The firm has teamed up with Australian artist and designer Leah Heiss to develop a range of rings, necklaces and earrings into which its MicroArray Patch (MAP) delivery system has been incorporated.
Despite the promising data to emerge from trials of MannKind’s Technosphere, concerns over the safety of inhaled insulins after Pfizer’s failed Exubera product was linked to lung cancer suggest that there remains considerable opportunity for novel delivery systems.
Furthermore, while Merrion’s recent deal with Novo Nordisk indicates that the major players will focus on the oral delivery route, novel products like NanoVic’s jewellery may by eyecatching and compliance friendly enough to win over diabetics keen to sidestep a daily regime of pills.
NanoVic’s MAP platform, which is being developed in collaboration with Monash University, Eiffel Technologies and MiniFAB, is designed to deliver large and small molecules across the outer impermeable layer of the skin, the stratum corneum.
The MAPs are arrays of solid micro-protrusions that can be made from biocompatible and biodegradable polymers to which drugs can be attached or integrated the base polymer.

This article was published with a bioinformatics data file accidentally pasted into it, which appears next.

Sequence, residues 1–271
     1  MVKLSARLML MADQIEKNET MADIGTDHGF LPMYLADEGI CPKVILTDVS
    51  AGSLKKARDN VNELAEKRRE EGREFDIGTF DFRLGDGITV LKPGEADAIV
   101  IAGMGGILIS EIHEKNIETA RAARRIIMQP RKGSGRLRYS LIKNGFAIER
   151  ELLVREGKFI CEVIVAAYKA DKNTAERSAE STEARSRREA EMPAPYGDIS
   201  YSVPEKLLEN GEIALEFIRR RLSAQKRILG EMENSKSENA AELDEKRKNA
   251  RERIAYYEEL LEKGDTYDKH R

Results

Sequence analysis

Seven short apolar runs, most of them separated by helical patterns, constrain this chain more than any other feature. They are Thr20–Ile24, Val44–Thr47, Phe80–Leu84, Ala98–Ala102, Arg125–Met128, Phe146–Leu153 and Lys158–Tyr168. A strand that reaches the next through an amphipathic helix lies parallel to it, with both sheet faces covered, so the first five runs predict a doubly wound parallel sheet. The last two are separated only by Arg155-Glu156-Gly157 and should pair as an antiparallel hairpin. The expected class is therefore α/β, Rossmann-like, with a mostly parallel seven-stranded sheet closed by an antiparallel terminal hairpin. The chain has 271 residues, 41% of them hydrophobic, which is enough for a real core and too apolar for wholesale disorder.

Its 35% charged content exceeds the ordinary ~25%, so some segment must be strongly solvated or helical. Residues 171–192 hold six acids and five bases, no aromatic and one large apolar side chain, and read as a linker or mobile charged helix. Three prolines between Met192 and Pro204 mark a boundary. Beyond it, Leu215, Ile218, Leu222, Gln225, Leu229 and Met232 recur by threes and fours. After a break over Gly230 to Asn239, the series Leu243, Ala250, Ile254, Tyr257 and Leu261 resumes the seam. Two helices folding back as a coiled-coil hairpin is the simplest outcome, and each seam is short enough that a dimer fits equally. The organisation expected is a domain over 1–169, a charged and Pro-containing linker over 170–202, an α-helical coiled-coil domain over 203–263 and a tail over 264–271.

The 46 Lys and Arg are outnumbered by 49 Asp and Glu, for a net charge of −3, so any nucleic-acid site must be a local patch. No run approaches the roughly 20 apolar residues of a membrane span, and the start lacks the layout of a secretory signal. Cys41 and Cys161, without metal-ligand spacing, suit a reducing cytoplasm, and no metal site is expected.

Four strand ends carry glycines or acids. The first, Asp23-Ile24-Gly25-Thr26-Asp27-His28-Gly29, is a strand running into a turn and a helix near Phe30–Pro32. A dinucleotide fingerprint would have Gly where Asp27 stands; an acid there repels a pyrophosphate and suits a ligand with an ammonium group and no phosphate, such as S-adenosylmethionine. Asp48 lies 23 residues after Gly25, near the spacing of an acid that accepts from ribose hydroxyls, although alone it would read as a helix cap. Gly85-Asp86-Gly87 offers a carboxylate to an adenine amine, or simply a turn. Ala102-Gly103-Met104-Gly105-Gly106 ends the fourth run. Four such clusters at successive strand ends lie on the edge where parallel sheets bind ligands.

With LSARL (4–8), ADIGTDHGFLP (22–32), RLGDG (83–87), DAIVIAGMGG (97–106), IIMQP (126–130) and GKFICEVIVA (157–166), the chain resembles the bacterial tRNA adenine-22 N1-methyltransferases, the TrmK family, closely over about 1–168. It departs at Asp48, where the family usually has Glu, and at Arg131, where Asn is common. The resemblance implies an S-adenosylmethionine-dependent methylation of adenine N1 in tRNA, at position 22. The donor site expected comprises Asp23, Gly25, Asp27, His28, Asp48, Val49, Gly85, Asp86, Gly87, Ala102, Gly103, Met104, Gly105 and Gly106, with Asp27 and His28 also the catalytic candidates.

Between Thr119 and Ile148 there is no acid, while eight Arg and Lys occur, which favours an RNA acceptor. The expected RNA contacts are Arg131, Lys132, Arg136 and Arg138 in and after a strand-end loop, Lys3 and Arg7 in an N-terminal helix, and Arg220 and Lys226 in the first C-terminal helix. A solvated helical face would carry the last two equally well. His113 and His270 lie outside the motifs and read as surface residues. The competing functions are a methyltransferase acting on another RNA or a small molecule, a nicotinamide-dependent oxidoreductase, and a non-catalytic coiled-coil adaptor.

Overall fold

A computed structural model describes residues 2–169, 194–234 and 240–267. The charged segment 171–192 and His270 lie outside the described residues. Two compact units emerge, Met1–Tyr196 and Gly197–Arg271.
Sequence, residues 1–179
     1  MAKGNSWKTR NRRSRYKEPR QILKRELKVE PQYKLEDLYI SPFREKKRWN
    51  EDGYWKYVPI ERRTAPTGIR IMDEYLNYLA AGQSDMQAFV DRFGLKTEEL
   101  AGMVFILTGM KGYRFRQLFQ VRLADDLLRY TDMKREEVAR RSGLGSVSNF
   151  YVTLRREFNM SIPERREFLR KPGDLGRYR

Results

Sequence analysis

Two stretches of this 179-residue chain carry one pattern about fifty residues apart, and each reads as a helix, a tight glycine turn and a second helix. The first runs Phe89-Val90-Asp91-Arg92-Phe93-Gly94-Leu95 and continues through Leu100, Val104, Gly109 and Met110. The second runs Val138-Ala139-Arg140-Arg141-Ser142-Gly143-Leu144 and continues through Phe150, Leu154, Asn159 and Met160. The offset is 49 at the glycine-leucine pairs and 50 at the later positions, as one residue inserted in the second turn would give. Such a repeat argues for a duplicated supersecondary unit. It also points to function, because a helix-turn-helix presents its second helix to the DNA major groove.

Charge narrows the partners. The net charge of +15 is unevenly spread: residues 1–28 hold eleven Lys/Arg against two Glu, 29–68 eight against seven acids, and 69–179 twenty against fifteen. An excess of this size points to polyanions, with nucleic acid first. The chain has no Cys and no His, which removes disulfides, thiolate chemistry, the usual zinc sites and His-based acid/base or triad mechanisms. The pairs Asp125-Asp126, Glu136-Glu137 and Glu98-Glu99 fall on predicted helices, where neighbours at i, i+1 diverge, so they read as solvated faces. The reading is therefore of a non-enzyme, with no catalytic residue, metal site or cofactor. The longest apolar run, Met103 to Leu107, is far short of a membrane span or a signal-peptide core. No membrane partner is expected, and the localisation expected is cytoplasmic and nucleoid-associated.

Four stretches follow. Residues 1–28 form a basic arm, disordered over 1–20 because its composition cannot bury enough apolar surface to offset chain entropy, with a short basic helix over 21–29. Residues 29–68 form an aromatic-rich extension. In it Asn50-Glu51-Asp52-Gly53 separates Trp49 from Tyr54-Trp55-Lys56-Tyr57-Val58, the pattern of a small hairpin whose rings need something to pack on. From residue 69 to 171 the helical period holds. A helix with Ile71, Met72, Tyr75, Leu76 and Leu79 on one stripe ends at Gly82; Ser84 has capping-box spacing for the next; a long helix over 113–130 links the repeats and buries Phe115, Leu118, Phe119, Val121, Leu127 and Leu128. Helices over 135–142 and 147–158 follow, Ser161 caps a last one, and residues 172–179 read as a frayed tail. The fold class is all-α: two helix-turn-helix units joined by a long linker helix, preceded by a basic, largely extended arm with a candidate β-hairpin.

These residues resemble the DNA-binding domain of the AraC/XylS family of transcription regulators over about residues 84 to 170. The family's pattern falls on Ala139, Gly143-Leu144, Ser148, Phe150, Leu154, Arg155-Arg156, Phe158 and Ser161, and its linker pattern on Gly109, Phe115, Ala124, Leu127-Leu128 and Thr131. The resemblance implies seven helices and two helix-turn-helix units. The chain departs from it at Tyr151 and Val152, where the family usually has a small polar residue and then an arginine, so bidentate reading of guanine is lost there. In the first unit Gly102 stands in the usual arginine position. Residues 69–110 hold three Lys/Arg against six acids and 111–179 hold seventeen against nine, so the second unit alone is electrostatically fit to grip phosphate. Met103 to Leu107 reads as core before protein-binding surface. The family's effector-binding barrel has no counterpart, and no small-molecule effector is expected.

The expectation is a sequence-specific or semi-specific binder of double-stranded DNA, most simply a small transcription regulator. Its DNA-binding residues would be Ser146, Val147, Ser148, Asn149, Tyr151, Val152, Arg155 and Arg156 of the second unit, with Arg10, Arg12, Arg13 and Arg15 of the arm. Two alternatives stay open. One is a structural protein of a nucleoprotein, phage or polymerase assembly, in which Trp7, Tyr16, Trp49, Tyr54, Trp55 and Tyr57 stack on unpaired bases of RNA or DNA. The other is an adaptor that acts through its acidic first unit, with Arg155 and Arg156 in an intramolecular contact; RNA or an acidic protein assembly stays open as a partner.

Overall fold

Nanovic believes that system's steady release of insulin over a prolonged period mean that it produces steady-state levels of blood insulin, decreasing the peaks and troughs that are common to other diabetes medicines.
While commercialisation of the insulin jewellery line is still a long way off, the rationale driving the project is to provide diabetics with a convenient treatment option that boosts compliance and has a minimal impact on quality of life.
As NanoVic’s manager of delivery and sensing development, Michelle Critchley, told Australia’s The Age, the MAP system can be applied to any type of jewellery, ranging from a child's plastic bangle to a gold engagement ring.
Critchley explained that: “if you look at a lot of portable medications, they’re not attractive. You either have to wear an insulin pump on your back or you have to wear a bandage which is quite obvious and visible to people.”
NanoVic has not limited its ambitions for MAP to just insulin, arguing that the system is ideal for drugs with short half-lives and those that are too potent to be administered orally or via inhalation.
The firm also says that because the platform administers compounds systemically in a way that bypasses the liver metabolism it is particularly suited for the delivery of toxic medications.